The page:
for our honored guest and citizen, this man of achieve-
ment, who surmounting obstacles so great as to extract
the defying ingredient from the seemingly impossible
and turn the channel of difficulty into accomplishment
and victory, have come forth from the lips of the orator
and speaker of the evening, like odors from the new-born
bud, fresh from the womb and life of spring.

While sitting here, I have been mediating, thinking
and listening to the articulate music in the voice of this
soldier, this scholar and this statesman of American
product, General John C. Black, who has beautifully por-
trayed with words of eloquence and truth this man of
men, General Dodge. I have been thinking of that power
and potent energy which makes possible the epochs of
human history in the expression of life's noble career.
To say that George AVashington, and the Continental
Army, made possible the birth of this Country without
the direction and protection of a Divine Providence, is
to state an untruth. To say that the wars of the '60s
with their conquests and conflicts, grew and blossomed
into the laurels of victory on the side of right and hu-
manity, without the intervention of a Divine Hand, is to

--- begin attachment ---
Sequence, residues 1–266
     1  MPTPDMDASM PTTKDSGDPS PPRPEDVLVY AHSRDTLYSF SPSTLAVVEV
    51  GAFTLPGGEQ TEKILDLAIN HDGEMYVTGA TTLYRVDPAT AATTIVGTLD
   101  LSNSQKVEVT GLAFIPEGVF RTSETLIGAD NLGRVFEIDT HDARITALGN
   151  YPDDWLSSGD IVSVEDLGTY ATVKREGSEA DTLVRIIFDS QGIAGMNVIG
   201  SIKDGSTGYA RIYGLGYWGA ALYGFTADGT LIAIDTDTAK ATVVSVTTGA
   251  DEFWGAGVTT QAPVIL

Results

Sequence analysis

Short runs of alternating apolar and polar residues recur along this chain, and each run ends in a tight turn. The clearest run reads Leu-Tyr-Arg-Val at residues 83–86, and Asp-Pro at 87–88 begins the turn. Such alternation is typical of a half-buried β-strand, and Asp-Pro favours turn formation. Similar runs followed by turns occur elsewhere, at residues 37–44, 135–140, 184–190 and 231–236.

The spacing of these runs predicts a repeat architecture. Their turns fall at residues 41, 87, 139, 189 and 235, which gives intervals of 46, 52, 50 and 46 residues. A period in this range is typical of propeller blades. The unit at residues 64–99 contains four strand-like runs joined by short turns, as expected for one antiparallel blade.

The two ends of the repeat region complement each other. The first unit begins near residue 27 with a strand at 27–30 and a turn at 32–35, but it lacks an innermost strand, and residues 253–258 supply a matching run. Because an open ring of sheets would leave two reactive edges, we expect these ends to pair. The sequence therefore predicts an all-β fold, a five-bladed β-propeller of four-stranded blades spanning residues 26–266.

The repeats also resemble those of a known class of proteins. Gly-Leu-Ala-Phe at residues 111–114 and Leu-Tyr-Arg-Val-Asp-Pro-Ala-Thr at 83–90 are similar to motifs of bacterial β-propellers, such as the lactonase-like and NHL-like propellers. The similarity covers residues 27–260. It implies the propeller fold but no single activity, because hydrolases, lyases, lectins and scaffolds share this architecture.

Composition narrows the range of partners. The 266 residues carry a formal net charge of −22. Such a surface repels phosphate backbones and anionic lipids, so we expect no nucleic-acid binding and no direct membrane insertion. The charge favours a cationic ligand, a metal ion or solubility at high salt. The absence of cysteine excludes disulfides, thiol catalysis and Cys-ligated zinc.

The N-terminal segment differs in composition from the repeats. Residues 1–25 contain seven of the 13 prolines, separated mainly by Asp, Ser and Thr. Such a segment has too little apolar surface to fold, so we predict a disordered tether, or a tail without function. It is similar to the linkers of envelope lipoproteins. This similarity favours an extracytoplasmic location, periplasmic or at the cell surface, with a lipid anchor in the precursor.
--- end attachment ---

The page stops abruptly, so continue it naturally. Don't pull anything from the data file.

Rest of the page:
discredit the presence and favors of the Great God, "Who
led the armies of this Country, and Who's manifest pur-
pose was so impregnate in American endeavors with the
qualities of freedom, and Who crowned our efforts with

—20—



the handiwork of thai Colonial Dame, "Betsy R<
who's silken emblem still waves and will forever float,
iu it's heaven tinted array, over "the Land of the Kree,
and the Home of the Brave." God 1ms appointed Bis men
in the day of great moment, in the day when the man of

purpose was needed to Lubricate the wheels of evolution
with the mental oils of his psychic genius, whether in
the destruction of the enemy's stronghold, or in the lay-
in": of steel rails, over which to transmit the commerce
of progressive civilization from the middle-west to
where the spray of the great and beautiful Pacific cools
the evening of his Laborious and successful exertion,
with the refreshing and well-earned rest of the soldier,
the commander, and ingenious surveyor. Such is the
history in brief of our honored guest, the epitome of
American genius, the exemplar of perseverance. One
of God's men in war and railway construction, one whom
we all Love, and one, whom the future generations will
respect and regard, General Grenville M. Dodge. Gen-
eral Black has related in a most pleasing and eloquent
manner the story of his experience and association with


1

Online LibraryJohn Charles BlackAddresses at the celebration of the eighty-third anniversary of the birth of Major General Grenville M. Dodge .. → online text (page 1 of 2)